Starting Procedure 1. With your foot off the accelerator pedal, turn the ignition key to START. When the engine starts, let go of the key. The idle speed will go down as the engine warms. Do not race the engine immediately after starting it. Operate the engine and transmission gently to allow the oil to warm up and lubricate all moving parts. The vehicle has a Computer-Controlled Cranking System. This feature assists in starting the engine and protects components. If the ignition key is turned to the START position, and then released when the engine begins cranking, the engine will continue cranking for a few seconds or until the vehicle starts. If the engine does not start and the key is held in START for many seconds, cranking will be stopped after

15 seconds to prevent cranking motor damage. To prevent gear damage, this system also prevents cranking if the engine is already running. Engine cranking can be stopped by turning the ignition switch to ACC/ACCESSORY or LOCK/OFF. Notice: Cranking the engine for long periods of time, by returning the key to the START position immediately after cranking has ended, can overheat and damage the cranking motor, and drain the battery. Wait at least 15 seconds between each try, to let the cranking motor cool down. 2. If the engine does not start after 5-10 seconds, especially in very cold weather (below 0°F or −18°C), it could be flooded with too much gasoline. Push the accelerator pedal all the way to the floor and holding it there as you hold the key in START for a maximum of 15 seconds.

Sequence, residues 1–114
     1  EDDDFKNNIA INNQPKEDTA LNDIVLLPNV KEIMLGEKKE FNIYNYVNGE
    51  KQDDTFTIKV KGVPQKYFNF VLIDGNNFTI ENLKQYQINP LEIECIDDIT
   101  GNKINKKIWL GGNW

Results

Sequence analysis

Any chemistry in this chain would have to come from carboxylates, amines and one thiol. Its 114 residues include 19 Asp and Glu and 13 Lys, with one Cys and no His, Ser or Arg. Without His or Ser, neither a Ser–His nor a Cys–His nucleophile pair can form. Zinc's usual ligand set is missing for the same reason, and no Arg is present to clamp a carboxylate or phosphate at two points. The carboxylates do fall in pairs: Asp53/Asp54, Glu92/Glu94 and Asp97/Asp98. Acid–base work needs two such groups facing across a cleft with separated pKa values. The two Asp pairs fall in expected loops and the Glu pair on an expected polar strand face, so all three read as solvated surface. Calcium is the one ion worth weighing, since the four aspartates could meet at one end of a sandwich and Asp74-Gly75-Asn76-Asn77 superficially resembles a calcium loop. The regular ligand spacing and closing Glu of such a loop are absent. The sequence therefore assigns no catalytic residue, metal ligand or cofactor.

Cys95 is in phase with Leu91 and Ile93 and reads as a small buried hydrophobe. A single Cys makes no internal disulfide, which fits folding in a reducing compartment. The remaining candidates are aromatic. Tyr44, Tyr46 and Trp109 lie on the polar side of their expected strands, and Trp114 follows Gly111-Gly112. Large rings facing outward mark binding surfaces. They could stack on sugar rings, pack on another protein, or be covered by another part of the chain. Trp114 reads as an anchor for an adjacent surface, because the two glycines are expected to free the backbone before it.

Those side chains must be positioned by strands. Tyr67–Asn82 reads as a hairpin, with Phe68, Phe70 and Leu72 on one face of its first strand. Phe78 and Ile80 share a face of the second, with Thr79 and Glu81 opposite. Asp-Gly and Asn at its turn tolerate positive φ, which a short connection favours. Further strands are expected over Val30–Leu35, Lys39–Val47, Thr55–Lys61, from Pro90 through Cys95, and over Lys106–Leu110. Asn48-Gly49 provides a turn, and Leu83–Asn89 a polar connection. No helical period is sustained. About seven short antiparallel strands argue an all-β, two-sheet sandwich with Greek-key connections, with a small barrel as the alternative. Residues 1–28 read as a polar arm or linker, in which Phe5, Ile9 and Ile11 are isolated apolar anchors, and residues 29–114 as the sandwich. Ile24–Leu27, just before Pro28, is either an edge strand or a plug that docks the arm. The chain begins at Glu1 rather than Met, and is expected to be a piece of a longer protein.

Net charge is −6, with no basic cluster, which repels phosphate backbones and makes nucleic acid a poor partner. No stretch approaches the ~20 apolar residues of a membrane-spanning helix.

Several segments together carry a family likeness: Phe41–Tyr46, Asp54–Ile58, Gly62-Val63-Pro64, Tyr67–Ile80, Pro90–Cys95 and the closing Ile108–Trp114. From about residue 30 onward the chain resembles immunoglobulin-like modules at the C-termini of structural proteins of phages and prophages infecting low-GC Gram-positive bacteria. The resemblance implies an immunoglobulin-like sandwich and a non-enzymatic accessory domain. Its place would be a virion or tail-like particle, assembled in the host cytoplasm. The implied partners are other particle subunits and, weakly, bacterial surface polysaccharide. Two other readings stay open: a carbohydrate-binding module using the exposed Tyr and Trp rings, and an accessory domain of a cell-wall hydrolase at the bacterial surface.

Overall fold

Wait at least 15 seconds between each try, to allow the cranking motor to cool. When the engine starts, let go of the key and accelerator. If the vehicle starts briefly but then stops again, repeat the procedure. This clears the extra gasoline from the engine. Do not race the engine immediately after starting it. Operate the engine and transmission gently until the oil warms up and lubricates all moving parts. Notice: The engine is designed to work with the electronics in the vehicle. If you add electrical parts or accessories, you could change the way the engine operates. Before adding electrical equipment, check with your dealer/retailer. If you do not, the engine might not perform properly. Any resulting damage would not be covered by the vehicle warranty.

Features and Controls

Engine Coolant Heater The engine coolant heater can provide easier starting and better fuel economy during engine warm-up in cold weather conditions at or below 0°F (−18°C). Vehicles with an engine coolant heater should be plugged in at least four hours before starting. An internal thermostat in the plug-end of the cord may exist which will prevent engine coolant heater operation at temperatures above 0°F (−18°C).

To Use the Engine Coolant Heater 1. Turn off the engine. 2. Open the hood and unwrap the electrical cord. The cord is located in the engine compartment behind the underhood fuse block on the driver side of the vehicle. 3. Plug it into a normal, grounded 110-volt AC outlet.

{ CAUTION

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Automatic Transmission Operation

Plugging the cord into an ungrounded outlet could cause an electrical shock. Also, the wrong kind of extension cord could overheat and cause a fire. You could be seriously injured. Plug the cord into a properly grounded three-prong 110-volt AC outlet. If the cord will not reach, use a heavy-duty three-prong extension cord rated for at least 15 amps. 4. Before starting the engine, be sure to unplug and store the cord to prevent damage. The length of time the heater should remain plugged in depends on several factors. Ask a dealer/retailer in the area where you will be parking the vehicle for the best advice on this.